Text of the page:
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Antigone
Novel Summary
Character Profiles
Metaphor Analysis
Theme Analysis
Top Ten Quotes
Biography
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Antigone




Biography

Sophocles, an Athenian politician and dramatist, was born in 496 B.C. and died in 406 B.C. His lifetime almost perfectly paralleled the "Golden Age" of Athens. Unlike other dramatists and thinkers of his time, Sophocles did not abstain from politics. Indeed Sophocles was completely immersed in it, serving as an elected official for several years, most notably as a Strategoi-an elected general. Fortunately for Sophocles, he died just before Athens surrendered to Sparta in 404 B.C., marking Athens' loss in the Peloponnesian War.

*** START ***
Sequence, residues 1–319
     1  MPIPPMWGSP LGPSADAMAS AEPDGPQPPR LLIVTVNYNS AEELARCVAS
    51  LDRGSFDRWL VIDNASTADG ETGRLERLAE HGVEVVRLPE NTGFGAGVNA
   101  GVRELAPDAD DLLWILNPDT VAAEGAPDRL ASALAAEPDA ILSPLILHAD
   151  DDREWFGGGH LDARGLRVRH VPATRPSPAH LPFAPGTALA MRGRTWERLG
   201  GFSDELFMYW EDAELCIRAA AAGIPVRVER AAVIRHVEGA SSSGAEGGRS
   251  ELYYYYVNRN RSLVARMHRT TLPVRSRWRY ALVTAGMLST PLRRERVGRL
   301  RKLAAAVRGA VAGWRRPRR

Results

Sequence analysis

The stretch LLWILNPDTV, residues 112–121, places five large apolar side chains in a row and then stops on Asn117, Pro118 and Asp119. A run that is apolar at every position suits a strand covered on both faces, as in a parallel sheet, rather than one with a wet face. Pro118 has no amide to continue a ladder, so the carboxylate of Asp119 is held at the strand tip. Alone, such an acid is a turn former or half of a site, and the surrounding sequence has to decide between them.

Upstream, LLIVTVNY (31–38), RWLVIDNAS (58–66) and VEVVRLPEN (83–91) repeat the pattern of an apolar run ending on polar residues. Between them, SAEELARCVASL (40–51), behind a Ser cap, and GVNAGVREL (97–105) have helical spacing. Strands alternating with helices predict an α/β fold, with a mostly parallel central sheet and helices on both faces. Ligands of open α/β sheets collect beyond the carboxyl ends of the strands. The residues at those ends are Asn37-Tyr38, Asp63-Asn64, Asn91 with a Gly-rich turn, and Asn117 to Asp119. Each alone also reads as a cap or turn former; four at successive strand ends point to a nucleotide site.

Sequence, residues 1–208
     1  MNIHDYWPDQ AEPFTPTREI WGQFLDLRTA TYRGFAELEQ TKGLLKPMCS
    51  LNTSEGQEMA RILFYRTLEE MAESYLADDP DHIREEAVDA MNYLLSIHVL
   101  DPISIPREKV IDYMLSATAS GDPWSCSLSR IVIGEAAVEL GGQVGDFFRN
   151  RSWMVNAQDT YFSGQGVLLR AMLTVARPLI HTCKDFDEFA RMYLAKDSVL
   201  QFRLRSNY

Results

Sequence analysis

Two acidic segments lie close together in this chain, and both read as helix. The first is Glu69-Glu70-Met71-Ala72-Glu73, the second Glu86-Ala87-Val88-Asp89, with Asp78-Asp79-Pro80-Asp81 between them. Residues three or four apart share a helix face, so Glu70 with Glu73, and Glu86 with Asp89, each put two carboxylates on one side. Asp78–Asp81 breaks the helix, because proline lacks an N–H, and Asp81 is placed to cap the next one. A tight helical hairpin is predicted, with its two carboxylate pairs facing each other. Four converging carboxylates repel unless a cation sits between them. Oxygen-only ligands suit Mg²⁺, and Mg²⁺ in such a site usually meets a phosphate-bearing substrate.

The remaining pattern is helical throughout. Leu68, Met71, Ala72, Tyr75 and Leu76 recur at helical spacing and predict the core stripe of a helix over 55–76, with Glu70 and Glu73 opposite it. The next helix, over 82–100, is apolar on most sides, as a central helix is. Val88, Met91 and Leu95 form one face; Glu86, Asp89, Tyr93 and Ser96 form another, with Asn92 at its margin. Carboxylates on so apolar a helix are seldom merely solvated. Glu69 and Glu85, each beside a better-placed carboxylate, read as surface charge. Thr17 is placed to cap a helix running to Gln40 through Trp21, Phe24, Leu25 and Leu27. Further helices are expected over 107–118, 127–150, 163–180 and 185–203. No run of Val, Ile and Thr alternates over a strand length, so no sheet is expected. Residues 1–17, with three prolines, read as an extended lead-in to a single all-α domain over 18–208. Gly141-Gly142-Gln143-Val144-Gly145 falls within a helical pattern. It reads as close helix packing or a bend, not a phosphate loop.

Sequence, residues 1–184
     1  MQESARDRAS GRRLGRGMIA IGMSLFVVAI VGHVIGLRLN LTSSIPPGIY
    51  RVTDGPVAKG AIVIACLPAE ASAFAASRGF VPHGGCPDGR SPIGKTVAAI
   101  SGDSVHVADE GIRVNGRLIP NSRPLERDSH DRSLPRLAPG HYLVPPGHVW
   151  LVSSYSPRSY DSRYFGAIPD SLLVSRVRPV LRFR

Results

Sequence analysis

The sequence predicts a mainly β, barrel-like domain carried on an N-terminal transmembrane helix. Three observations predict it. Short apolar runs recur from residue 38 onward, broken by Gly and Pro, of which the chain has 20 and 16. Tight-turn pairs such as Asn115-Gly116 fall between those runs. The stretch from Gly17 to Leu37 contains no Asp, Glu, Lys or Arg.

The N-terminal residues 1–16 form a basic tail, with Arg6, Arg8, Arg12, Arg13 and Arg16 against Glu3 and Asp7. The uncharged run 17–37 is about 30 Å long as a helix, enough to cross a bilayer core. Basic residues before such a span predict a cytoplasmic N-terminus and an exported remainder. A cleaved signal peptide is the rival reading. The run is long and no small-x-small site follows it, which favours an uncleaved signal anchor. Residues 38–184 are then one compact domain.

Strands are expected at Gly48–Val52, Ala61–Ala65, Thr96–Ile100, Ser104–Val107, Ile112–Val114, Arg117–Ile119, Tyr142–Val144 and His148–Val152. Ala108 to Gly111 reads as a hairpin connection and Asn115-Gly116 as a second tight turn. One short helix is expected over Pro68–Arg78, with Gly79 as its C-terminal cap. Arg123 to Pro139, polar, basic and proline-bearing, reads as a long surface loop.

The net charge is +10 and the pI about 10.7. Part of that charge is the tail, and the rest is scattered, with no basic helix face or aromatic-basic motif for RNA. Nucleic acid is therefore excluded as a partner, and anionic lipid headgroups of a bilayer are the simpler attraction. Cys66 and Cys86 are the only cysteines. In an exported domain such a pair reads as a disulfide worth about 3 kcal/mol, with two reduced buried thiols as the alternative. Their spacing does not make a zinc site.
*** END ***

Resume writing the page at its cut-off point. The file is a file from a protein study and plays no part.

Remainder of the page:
Dramatically speaking, Sophocles is best known for his adoption of the third actor in his Greek tragedies. This made it possible to include complex dialogues and character interactions in Antigone and other plays. Before this idea emerged to dominate drama, only two actors were included in each scene.

Sophocles wrote Antigone before Oedipus the King, and it is here that he establishes the connection of tragedy between generations of his characters. Indeed Antigone's fate is shaped not only through her own actions, but through Oedipus' sin as well. Though Oedipus the King, Sophocles' masterpiece, most critically reveals Athens' problems, Antigone also suggests a disturbing picture of its future.

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